Virginia Man Sentenced To 2 ½ Years In Prison For Possession Of Child Pornography
WASHINGTON – Richard Mark Abbott, 62, of Chesterfield, Va., was sentenced today to a 2 ½-year prison term on a federal charge of possession of child pornography, announced U.S. Attorney Ronald C. Machen Jr., Valerie Parlave, Assistant Director in Charge of the FBI’s Washington Field Office, and Cathy L. Lanier, Chief of the Metropolitan Police Department (MPD).
Abbott pled guilty to the charge in July 2013 in the U.S. District Court for the District of Columbia. He was sentenced by the Honorable John D. Bates. Upon completion of his prison term, Abbott will be placed on 10 years of supervised release.
According to the government's evidence, on March 15, 2013, Abbott contacted an undercover officer with the FBI's Child Exploitation Task Force, who had posted an ad on a social network site frequented by individuals with a sexual interest in children. Over the next few days, Abbott engaged in online e-mail and instant messaging with the undercover officer, whom Abbott believed was the father of an under-aged girl.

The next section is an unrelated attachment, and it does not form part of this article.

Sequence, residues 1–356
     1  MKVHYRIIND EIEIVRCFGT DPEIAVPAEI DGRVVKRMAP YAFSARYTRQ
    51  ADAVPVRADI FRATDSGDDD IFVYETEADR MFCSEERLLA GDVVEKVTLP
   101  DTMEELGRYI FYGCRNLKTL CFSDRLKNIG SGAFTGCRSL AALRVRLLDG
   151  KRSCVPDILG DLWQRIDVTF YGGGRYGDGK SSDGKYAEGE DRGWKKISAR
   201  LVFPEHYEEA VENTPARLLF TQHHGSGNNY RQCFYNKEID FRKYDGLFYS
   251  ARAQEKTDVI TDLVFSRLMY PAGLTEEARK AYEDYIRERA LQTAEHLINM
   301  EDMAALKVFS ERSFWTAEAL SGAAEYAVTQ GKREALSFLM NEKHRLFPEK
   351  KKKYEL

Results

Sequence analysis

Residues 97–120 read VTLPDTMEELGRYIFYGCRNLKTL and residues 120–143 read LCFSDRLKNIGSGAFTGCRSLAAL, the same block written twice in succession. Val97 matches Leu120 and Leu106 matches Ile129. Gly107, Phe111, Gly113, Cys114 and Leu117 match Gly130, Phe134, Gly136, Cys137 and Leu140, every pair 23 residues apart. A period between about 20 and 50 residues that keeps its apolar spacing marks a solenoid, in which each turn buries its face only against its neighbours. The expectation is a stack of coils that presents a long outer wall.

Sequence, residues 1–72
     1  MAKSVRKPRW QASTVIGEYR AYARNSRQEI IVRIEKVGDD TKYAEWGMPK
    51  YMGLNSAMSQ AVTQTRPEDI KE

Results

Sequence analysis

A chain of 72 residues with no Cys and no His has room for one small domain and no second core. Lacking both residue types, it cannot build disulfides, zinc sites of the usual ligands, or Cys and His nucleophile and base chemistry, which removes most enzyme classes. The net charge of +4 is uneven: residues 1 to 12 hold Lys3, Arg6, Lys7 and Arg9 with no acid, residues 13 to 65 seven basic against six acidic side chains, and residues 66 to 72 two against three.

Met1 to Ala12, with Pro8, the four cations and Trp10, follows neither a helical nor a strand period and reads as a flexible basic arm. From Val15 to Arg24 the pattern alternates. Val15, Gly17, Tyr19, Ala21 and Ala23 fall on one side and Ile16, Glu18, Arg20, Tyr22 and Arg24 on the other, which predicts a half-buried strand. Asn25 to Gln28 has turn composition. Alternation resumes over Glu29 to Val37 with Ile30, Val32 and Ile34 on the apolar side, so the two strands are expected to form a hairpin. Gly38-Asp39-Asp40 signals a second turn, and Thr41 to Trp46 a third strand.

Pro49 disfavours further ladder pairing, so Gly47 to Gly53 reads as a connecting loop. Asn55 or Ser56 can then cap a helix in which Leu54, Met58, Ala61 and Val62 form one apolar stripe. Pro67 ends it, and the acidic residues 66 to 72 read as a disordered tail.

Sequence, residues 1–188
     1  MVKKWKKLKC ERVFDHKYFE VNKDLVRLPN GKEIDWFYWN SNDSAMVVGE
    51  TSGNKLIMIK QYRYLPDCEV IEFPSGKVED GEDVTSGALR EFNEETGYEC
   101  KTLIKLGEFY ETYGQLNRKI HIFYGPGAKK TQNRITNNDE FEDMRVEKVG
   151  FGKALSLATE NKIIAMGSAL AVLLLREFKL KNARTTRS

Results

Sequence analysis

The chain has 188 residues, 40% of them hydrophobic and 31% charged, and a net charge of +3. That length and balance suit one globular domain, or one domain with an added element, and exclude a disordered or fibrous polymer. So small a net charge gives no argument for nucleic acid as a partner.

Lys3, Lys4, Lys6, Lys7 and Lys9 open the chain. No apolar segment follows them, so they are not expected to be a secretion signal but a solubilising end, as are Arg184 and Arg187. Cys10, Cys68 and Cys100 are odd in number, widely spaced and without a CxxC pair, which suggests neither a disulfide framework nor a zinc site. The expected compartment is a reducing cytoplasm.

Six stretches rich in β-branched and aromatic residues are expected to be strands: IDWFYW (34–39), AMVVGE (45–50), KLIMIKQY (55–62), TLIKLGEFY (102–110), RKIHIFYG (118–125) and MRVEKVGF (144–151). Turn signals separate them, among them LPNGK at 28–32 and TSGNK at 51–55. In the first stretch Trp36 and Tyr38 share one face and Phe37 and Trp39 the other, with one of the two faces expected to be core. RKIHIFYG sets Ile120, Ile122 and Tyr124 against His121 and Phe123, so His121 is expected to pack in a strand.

During the course of their communications, Abbott sent the undercover officer ten images of child pornography. On May 2, 2013, Abbott was arrested at his residence in Virginia. Pursuant to a search warrant for the residence, law enforcement recovered various electronic devices including two computers and various external storage devices. After a forensic review of those items, law enforcement recovered over 600 images of child pornography.
This case was brought as part of the Department of Justice's Project Safe Childhood initiative and investigated by the FBI's Child Exploitation Task Force, which includes members of the FBI's Washington Field Office and MPD. In February 2006, the Attorney General created Project Safe Childhood, a nationwide initiative designed to protect children from online exploitation and abuse. Led by the U.S. Attorney's Offices, Project Safe Childhood marshals federal, state, and local resources to better locate, apprehend, and prosecute individuals who exploit children via the Internet, as well as identify and rescue victims. For more information about Project Safe Childhood, please visit www.projectsafechildhood.gov.
In announcing the sentence, U.S. Attorney Machen, Assistant Director Parlave and Chief Lanier praised the work of the MPD Detectives and Special Agents of the FBI Child Exploitation Task Force. They also commended the efforts of Assistant U.S. Attorney Ari Redbord, who prosecuted the case.13-353